This was in the December 6, 2006 Israel National News email
Official recognition of the Palestinian Arabs in Israel as a national, native minority, including its special connection to its homeland and its historic rights to it.
Arabic, already recognized as an official language, must be granted equal status to Hebrew in every aspect of public life, just as English and French are recognized in Canada. As a truly bilingual country, Israel must grant appropriate expression to the Arab-Palestinian culture in the public sphere, including noting the Arabic names of various places and giving Arabic names to public buildings, streets, etc.
Total autonomy in the spheres of education, religion and culture. At the root of this right lies the recognition of the nativity of the Arab population in Israel and its right to self-definition in these areas.
Proportionate representation in decision-making and policy-setting bodies, including all government offices and ministries, planning and construction authorities, government companies, public councils, the Civil Service, ad-hoc committees, and the like.
Extra allotments of resources such as budget allocations, land and housing, to compensate for past discrimination.
Changes to national symbols, including the flag and anthem, as emotionally-charged public resources that have a special impact on minority sectors. The State must grant appropriate expression to the presence of Israeli-Arab citizens and to their historic ties to the land. Israel's array of symbols must reflect an equal approach to both its Jewish and Arab citizens.
Equality in immigration and citizenship rights. The allocation of quotas in these areas is an expression of the country's strength, and the country must apportion them fairly, justly and equally.
Protection of the special ties of the Palestinian people with the greater Arab nation. The Palestinian population in Israel must be enabled to freely maintain and develop special ties - family, cultural, economic and the like - with the other members of the Palestinian people and the Arab nation.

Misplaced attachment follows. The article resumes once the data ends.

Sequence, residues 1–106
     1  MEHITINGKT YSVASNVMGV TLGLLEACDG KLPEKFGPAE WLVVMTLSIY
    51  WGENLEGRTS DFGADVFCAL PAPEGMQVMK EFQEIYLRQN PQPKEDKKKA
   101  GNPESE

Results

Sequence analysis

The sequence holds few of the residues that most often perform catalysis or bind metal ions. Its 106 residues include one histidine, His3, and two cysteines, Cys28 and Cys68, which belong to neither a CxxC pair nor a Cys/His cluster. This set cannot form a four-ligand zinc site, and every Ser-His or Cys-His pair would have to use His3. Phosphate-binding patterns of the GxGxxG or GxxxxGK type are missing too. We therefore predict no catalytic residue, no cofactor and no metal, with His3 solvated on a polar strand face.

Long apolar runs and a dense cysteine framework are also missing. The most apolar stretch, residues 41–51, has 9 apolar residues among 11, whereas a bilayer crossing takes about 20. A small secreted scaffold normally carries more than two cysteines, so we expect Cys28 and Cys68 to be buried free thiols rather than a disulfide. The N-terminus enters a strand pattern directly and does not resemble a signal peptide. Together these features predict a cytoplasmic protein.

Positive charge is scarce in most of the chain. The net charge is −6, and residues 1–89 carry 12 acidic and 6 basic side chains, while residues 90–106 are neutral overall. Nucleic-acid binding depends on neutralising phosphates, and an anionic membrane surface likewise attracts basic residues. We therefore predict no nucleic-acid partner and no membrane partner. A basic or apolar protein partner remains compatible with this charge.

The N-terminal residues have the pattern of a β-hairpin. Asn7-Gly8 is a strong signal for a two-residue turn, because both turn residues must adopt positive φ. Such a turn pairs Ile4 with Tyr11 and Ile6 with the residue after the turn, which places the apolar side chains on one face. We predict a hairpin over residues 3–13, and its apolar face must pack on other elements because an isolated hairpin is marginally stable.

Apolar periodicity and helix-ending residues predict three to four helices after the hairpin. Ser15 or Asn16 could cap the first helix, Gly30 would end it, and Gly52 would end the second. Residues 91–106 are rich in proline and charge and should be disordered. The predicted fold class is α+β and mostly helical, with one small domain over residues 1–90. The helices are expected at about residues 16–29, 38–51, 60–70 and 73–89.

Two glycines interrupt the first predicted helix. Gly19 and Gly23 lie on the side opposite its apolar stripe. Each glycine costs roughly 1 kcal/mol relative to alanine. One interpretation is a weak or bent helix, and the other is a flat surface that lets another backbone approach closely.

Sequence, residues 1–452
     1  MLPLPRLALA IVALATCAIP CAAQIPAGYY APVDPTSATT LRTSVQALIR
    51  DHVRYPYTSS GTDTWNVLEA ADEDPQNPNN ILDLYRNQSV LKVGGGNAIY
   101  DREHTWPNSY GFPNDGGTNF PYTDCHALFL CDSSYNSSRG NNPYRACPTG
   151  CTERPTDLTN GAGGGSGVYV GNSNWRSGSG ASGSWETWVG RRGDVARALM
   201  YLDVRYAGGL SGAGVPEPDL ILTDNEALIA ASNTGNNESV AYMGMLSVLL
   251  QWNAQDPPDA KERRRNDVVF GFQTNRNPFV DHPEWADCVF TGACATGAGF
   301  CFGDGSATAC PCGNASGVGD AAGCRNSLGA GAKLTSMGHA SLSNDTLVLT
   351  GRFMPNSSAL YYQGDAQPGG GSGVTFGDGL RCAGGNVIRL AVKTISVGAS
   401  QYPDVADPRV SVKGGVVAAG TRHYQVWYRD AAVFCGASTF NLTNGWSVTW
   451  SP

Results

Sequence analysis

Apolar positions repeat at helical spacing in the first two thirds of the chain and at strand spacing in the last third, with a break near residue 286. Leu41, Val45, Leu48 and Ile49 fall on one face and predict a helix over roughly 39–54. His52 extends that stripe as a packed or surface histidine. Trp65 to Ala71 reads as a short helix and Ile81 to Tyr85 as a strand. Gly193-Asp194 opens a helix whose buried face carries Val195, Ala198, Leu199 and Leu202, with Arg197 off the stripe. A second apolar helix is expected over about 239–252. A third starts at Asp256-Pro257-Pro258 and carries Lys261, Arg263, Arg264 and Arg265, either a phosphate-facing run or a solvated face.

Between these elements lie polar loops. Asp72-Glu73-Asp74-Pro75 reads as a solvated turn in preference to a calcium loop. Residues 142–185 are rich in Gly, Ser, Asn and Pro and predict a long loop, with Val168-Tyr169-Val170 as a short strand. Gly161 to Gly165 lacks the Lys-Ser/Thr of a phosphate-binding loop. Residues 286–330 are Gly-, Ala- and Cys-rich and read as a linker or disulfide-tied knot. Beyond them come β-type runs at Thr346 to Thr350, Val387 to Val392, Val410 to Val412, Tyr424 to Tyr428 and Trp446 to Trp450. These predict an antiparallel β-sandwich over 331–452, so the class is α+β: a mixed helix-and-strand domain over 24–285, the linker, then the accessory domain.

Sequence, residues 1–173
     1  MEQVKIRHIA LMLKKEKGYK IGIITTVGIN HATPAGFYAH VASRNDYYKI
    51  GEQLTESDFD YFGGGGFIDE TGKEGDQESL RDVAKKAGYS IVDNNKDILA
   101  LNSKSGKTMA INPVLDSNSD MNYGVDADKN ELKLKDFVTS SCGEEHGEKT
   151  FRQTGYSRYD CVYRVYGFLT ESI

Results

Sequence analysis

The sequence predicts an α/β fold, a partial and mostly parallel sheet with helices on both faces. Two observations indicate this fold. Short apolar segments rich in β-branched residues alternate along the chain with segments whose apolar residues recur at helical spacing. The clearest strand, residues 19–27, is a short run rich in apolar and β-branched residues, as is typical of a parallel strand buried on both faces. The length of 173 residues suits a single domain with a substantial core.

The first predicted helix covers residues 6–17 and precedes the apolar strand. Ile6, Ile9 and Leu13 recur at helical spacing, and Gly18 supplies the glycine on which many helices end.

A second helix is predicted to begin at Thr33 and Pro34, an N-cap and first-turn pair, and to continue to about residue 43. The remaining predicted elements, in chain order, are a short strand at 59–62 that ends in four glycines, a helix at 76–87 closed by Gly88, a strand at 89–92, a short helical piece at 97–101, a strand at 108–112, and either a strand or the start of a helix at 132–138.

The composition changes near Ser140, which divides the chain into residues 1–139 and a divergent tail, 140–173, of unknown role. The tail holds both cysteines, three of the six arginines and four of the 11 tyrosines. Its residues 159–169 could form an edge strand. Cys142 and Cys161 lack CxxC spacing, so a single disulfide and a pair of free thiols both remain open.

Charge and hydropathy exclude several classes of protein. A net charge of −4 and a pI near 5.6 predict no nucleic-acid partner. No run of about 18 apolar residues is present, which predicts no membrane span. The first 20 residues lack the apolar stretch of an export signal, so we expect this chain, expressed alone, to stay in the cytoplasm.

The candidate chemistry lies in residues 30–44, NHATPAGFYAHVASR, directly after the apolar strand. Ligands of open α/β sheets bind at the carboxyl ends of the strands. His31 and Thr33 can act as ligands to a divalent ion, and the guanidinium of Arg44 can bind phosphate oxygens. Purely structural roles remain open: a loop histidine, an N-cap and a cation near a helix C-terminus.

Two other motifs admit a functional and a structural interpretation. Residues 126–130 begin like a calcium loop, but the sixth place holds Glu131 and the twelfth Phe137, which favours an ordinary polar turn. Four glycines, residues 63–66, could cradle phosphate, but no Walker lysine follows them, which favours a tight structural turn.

Historic rights. Corrective justice demands that Israel must officially apologize and recognize the Nakba - national Arab-Palestinian catastrophe - of 1948 when the Arabs were removed from their lands. Among the issues addressed in this point are the uprooted Palestinians - 25% of the current Arab population in Israel - and their return to their original villages, such as Ikrit, Al-Ghabasaya, Al-Lajun, and others, as well as assets of the Moslem Waqf that must be administered by the Moslems
(Arutz Sheva, Hillel Fendel, Israeli-Arabs Demand National Recognition Dec 05, '06 / 14 Kislev 5767)
These Arab demands listed in the article are just, if viewed in the context of a diverse democracy. A mere Jewish majority does not justify an exclusively Jewish anthem or national emblem reflecting the common history of the country. Similarly, except for extreme circumstances a hallmark of democracy is the equal protection doctrine. Laws, legislated rights and obligations need to apply to al people under a government’s jurisdiction equally. Therefore to treat Jewish return differently than Arab return is little more than institutional racism.
However, in the context of Jewish identity does this list of demands morph from a reasonable call for equality to a cynical denial not just of a Jewish State but of a Jewish identity as well. Regardless of what anyone else thinks Israel is the eternal homeland of the Jewish people. My Mother often quoted this old pre state slogan:
For some it is Palestine
For others holy land
For us it is Eretz Yisrael
On that we make our stand.
By the way mother may she live and be belonged to HaShomer HaZair a leftist movement not the rightist Betar or Herut. If Zionism means anything anymore to the general public it is time to step up and as a matter of policy legislate the Jewish character desired in the state TODAY. Yesterday was already too late